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Illegal Living: 80 Wooster Street and the Evolution of SoHo Paperback – July 1, 2010
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Like many artists of the era, Maciunas trained in architecture, later entering the avant-garde Fluxus arts movement that included Yoko Ono, John Lennon, and scores of artists who would move into Soho. He would go on to buy 10 more buildings, turning all of them into artist co-ops, and I stress co-ops, because this was about profit. This was a time before the easy-credit loans, and Maciunas needed to line up buyers in order to close the deals. The upfront purchase of the floors, and the low monthly maintainance, would pay off the loans. By the 1980’s, many of the artist would cash out.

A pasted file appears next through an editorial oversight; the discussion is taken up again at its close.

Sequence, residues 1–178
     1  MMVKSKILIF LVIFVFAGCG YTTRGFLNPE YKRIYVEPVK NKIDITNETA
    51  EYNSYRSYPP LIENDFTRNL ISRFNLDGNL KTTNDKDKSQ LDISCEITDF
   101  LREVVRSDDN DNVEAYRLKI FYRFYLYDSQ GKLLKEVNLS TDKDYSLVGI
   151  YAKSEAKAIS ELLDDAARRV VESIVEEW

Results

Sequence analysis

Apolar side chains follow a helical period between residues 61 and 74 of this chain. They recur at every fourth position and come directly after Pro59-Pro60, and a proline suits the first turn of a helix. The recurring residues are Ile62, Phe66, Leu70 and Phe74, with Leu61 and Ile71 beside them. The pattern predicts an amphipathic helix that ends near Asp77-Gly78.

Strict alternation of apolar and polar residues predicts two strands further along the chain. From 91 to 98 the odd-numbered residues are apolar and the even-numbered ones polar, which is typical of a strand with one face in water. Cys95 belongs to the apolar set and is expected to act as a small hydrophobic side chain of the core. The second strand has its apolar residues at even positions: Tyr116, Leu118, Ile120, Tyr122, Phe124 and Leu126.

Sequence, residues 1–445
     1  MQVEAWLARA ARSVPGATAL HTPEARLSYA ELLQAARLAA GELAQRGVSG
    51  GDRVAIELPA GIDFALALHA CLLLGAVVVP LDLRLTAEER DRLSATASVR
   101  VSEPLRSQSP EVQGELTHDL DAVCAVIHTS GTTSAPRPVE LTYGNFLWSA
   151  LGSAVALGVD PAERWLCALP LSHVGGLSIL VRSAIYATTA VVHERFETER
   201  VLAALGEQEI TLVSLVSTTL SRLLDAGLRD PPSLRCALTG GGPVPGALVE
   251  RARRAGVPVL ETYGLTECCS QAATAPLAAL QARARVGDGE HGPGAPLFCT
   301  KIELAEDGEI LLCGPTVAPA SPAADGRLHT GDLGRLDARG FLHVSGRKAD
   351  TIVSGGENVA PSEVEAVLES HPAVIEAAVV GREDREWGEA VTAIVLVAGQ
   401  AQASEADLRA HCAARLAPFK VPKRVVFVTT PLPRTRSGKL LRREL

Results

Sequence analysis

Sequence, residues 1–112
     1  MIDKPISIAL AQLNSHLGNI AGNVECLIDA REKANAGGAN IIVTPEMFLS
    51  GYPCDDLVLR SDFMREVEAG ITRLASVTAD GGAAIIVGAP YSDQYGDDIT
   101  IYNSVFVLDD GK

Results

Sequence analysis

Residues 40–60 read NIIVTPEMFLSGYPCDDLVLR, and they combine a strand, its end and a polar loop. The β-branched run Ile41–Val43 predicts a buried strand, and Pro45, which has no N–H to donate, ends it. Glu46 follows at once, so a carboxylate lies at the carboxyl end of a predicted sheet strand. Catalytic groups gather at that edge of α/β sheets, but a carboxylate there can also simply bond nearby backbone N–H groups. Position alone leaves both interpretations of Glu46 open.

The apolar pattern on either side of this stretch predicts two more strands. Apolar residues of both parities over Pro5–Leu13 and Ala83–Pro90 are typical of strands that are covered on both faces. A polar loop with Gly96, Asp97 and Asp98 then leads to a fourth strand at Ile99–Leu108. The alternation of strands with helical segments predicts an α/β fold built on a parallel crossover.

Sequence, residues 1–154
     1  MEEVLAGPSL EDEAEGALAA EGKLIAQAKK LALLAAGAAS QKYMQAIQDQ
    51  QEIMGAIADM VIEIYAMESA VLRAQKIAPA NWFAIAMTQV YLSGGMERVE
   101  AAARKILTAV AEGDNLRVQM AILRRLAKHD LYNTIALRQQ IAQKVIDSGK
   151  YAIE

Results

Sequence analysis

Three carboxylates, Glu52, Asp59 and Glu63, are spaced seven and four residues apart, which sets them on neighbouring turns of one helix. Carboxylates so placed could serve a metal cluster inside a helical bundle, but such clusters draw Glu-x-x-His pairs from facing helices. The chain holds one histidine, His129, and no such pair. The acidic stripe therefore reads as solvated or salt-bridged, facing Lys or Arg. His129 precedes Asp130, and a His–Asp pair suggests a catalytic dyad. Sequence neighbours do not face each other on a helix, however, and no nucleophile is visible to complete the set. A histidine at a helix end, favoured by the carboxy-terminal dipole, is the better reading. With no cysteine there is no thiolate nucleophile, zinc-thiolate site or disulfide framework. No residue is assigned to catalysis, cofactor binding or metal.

There were several more of these artist cooperative buildings in the area, including White Columns (which has since moved) and 112 Greene Street. Originally, the city allowed each factory building to have only two people living there, and the building had to post a sign that said A.I.R. meaning “artist in residence,” to let the fire department know if someone might be sleeping up there. But the new Soho buildings had many residents, and this led to years of wrangling with the city. I can’t really blame the building inspectors; the neighborhood’s police and fire service was meant for industry, not residents.Read more ›